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UTA E-Leaf

Subcategories from this category: LREAD PERSPECTIVE

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An Environmental Impact Assessment (EIA) is a legal requirement that necessitates an investigation into the potential impact planned activities may have on the environment in which they are to be effected. This process culminates into either the issuance of environmental authorisation for those activities and/or waste license. These investigations can take the form of either a Basic Assessment (BA) or a full scoping and EIA.

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Talking is better than fighting

Why is talking better than fighting?  I used Google and came across the following insightful quote: “Discussions are always better than arguments, because an argument is always about who is right, and a discussion is to find out what is right”. This quote holds much truth for our land reform journey in South Africa.

We seem to spend a lot of energy on framing role players as being on the right side or the wrong side in terms of historical; cultural, and current economic realities. In this context land reform becomes a stick with which some must receive a beating to compensate for those who have been wronged. Land reform is a fight, and therefor there will be winners and losers.

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The Nampo agricultural show, which took place in May in Bothaville, is one of the highlights on the South African agricultural calendar. First time attendees are always blown away by the scale of this event. The show attracted 78 648 visitors and 700 exhibitors this year.  It is also the place to come up close with the latest in farming technology. This year saw Senzeni Zokwana, South African Minister of Agriculture, Forestry and Fisheries, posing on the world’s largest standard production tractor, the Fendt 1000 Vario, muscling an impressive 517 horse power.

Minister Zokwana also took part in a series of panel discussions on land reform, hosted by Nation in Conversation. Zokwana said the ANC, during its National Policy Conference in June, should be mindful of the relationships between food security; the commercial sectors sustainability, and access to land for new black farmers.

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Cyril Ramaphosa

Earlier in June I travelled to the Koue Bokkeveld to an event where Deputy President, Cyril Ramaphosa, was the guest speaker. True to the area’s name, it was a bitterly cold evening, with outside temperatures dropping to 5 Degrees Celsius on the Gydo pass, on route to the venue!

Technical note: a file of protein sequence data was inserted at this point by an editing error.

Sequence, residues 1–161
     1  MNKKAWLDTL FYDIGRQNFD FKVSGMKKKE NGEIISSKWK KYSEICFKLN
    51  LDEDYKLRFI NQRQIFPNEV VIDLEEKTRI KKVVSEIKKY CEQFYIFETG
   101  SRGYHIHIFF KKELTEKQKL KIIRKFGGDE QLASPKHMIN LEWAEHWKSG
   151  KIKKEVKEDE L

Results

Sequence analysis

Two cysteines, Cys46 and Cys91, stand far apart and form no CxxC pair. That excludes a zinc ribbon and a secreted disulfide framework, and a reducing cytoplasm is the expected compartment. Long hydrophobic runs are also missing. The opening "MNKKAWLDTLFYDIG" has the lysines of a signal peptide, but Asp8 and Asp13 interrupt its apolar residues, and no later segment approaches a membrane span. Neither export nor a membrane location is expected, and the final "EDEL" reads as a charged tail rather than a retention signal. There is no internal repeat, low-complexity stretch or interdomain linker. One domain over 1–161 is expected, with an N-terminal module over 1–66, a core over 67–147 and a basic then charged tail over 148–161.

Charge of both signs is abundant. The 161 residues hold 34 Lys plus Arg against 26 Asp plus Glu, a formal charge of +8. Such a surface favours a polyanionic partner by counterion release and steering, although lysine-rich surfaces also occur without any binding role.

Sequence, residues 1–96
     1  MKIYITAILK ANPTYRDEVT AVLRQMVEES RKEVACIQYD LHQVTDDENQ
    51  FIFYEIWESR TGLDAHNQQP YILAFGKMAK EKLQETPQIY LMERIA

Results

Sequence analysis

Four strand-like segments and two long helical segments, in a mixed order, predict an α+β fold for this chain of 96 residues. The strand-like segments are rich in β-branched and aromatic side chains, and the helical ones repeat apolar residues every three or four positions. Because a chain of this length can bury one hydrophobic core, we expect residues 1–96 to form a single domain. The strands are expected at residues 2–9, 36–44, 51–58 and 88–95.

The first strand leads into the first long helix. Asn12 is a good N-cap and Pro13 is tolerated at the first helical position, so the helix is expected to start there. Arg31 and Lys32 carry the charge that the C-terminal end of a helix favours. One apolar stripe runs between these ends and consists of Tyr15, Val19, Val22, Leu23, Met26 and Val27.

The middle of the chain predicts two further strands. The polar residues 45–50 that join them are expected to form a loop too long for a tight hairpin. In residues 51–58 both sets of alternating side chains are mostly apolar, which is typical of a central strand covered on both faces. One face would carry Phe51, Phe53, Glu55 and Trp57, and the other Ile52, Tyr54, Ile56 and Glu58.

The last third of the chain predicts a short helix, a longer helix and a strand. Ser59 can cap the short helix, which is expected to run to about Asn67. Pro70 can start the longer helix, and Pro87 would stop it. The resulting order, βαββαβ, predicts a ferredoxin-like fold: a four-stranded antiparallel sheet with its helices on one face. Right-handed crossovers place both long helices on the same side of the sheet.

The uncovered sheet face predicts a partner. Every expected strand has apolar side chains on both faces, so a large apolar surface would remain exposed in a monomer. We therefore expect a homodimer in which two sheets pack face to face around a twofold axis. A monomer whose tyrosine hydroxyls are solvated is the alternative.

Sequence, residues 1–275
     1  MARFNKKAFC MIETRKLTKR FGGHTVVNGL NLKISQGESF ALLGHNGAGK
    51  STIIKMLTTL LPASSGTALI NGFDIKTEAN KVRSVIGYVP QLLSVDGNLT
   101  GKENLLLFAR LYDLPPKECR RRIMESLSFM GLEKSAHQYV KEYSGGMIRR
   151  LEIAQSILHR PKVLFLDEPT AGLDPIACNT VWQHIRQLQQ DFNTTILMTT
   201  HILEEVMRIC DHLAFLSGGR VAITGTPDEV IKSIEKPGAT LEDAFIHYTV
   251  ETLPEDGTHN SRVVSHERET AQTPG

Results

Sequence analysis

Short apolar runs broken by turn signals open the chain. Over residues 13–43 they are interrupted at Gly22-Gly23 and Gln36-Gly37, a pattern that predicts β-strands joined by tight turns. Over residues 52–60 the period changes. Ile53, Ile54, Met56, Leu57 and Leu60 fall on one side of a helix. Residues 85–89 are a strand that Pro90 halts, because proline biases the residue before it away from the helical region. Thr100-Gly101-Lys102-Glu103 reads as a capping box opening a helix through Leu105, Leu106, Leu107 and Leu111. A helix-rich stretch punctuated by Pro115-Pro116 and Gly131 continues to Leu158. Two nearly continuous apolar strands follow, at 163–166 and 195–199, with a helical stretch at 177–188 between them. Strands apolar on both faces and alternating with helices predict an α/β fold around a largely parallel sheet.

The event was hosted by the Witzenberg Partnerships in Agri Land Solutions (PALS). PALS is a private sector initiate which coordinates and supports transformation projects in the Witzenberg Area. The Initiative was launched two years ago when the commercial agricultural sector decided to act on the need for rapid transformation in land ownership in the Witzenberg area. Members finance a permanently staffed office in Ceres from where all projects are coordinated. The LREAD has a good working relationship with PALS and thus my attendance to the event was granted.

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Counting Transformation. April 2017 saw the appointment of a Service Provider by the LREAD to establish a Baseline of black land ownership for Western Cape. The need for such a baseline has already been voiced in 2014 during the Provincial Land Reform Summit, an initiative of Western Cape Minister of Economic Opportunities, Alan Winde, where he identified land reform, or the lack thereof, as a real risk to the provincial economy.

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Unintended Consequences

Gugile Nkwinti, Minister of Land Reform and Rural Development, announced the Regulation of Agricultural Land Holdings Bill earlier in March this year. The Bill is now open for comments from interested parties after which it will be presented to Parliament for promulgation as an Act. If successful in its current form, this Bill holds the potential to fundamentally alter the manner in which we look and think about land ownership in South Africa. 

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Kraalbos Mankind has used natural medicines for centuries to cure different ailments. Before the advent of modern pharmaceutical technology, which resulted in the commercial manufacture of pharmaceutical drugs, doctors had to rely on natural techniques and herbal remedies to treat illnesses or heal injuries of their patients. Everything from the common cold to life-threatening conditions such as cancer, diabetes and heart disease have been purported to be successfully treated without the use of current pharmaceutical medical equipment and pharmaceutical drugs.

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